Robots that artificially evolve ways to communicate with one another have been demonstrated by Swiss researchers. The "genomes" of the bots that found food and avoided poison most efficiently were recombined, mimicking biological natural selection. "We saw colonies that used their lights to signal when they found food and others that used.

Called Superbots, these robots are made up of identical modular units that plug into one another to create robots that can stand, crawl, wiggle and roll. The robots are being developed mainly to carry out multiple complex tasks, such as assembly, inspection, maintenance, habitat construction, surface landing, and exploration in space and on planet surfaces. Perhaps their paramount feature is flexibility: The different modules can be connected to let a robot handle a variety of tasks, rather than have that robot dedicated to a single task.

Estonia plans to become the world's first country to allow voting in a national parliamentary election via the Internet.

You, or someone you love, may die because of a gene patent that should never have been granted in the first place. Sound far-fetched? Unfortunately, it's only too real. In the United States, gene patents are now used to halt research, prevent medical testing and keep vital information from you and your doctors. Gene patents slow the pace of medical advance on deadly diseases. And they raise costs exorbitantly: A test for breast cancer that could be done for $1,000 now costs $3,000.

A new, cheap pill to treat malaria has been introduced, the first product of an innovative partnership between an international drug company and a medical charity.

Regrowing Teeth?

Wow... GATTACA... The Genetic Information Nondiscrimination Act (GINA), introduced into Congress on January 16, if passed, will become the first federal law to prevent employers from collecting genetic information on their employees. It would also outlaw genetic discrimination, preventing insurers from denying coverage or charging higher premiums based on a DNA test. Hint... this is NOT the solution. GATTACA shows that it will not work. The real solution is to ensure that insurance companies and CEOs are JUST as exposed, and thus have it in their interest to promote a tolerant society.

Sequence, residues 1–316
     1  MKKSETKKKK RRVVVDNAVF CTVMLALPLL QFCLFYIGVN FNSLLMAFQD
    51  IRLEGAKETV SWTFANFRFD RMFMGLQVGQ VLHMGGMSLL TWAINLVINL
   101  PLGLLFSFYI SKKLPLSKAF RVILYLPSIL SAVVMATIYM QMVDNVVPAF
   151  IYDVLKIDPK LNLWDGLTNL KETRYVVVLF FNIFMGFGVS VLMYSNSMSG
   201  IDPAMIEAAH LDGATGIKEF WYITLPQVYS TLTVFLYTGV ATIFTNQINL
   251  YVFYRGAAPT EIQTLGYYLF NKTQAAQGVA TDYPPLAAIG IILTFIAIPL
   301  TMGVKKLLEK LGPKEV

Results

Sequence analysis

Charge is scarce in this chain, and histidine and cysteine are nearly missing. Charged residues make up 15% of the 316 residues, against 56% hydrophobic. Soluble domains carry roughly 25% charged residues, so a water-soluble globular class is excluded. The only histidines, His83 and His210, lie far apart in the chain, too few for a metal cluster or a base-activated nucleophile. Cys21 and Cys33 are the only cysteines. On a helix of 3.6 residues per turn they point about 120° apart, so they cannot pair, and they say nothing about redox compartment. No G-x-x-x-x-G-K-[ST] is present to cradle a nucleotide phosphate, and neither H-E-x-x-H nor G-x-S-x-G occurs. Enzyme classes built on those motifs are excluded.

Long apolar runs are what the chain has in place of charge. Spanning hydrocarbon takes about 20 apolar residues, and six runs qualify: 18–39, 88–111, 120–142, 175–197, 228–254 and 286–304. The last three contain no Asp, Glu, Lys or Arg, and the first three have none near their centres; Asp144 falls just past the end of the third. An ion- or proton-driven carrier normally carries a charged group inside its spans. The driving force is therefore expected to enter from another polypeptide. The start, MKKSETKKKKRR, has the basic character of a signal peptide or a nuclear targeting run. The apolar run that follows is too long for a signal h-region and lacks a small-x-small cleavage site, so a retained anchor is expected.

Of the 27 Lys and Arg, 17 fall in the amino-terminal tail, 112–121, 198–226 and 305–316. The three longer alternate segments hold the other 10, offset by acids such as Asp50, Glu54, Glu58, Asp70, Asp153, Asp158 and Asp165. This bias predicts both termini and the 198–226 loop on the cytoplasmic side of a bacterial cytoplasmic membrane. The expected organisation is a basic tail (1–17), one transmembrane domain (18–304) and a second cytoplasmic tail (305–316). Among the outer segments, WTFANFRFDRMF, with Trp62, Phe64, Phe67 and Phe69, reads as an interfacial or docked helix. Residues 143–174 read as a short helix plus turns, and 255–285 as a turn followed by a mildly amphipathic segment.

The world's smallest and thinnest RFID tags have been introduced by Hitachi, measuring just 0.05 x 0.05 millimeters. The new "powder type" chips have a 128- for storing a unique 38 digit and could be worked into any product to assure theft of consumer goods would be practically impossible. These devices could also be used to identify and track people. For example, suppose you participated in some sort of protest or other organized activity. If police agencies sprinkled these tags around, every could be tracked and later identified at leisure, with powerful enough tag scanners.

The energy consumed by data center servers and related infrastructure equipment in the U.S. and worldwide doubled between 2000 and 2005, according to a new study. A jump in the volume of servers in data centers is accountable for 90 percent of the growth in power consumption.

Researchers at Purdue University have led development of a portable "tactical" biorefinery for the U.S. Army that turns a variety of waste streams into a mixture of ethanol and methane gas, which are burned in a modified diesel engine to produce electricity.

Couple mounts a camera and radar to catch speeders. Catch a police officer speeding. He sends the authorities to tell them he intends to press stalking charges against them. This is precisely what happens as the Age of Amateurs confronts the guild protection rackets of the professional protector caste. see: MISC ITEM: Does anyone know a web site that will log REMINDERS possibly even years in advance and email you reliably when the time comes? e.g. re recurring events like renewing your URL every five years or so? A hazard of modern life.

The U.S. 'Commercial Services' Trade Surplus Reached $100 Billion Last Year

General: The United States is more a seller than a buyer of services. As of 2005, the United States supplied about $190 billion of the world's $1160 billion in commercial services exports. (The United Kingdom is second at $60 billion; fast-rising India is eighth at $44 billion.) American statistics, a bit more up-to-date than the WTO's, show exports and royalties rising by $84 billion between 2001 and 2006. (From $156 billion to $240 billion.) Meanwhile, commercial-services imports rose by $66 billion, from $74 billion to $140 billion. Thus a $76 billion commercial-services trade surplus in 2001 grew to $100 billion by 2006.

Finding the Future: A Science Fiction Conversation is an independent documentary feature about science fiction, fandom, and the future. Apparently (I haven’t seen it yet) I am featured. See:

Many of you will recall my article about how the events of 9/11 and Katrina illustrated the positive and negative possibilities of empowering (or hampering) citizen networked self-organization in a crisis. Now David Stephenson of Stephenson Strategies has encapsulated some of the same notions in an important paper about “Expecting the Unexpected: The Need for a Networked Terrorism and Disaster Response Strategy.”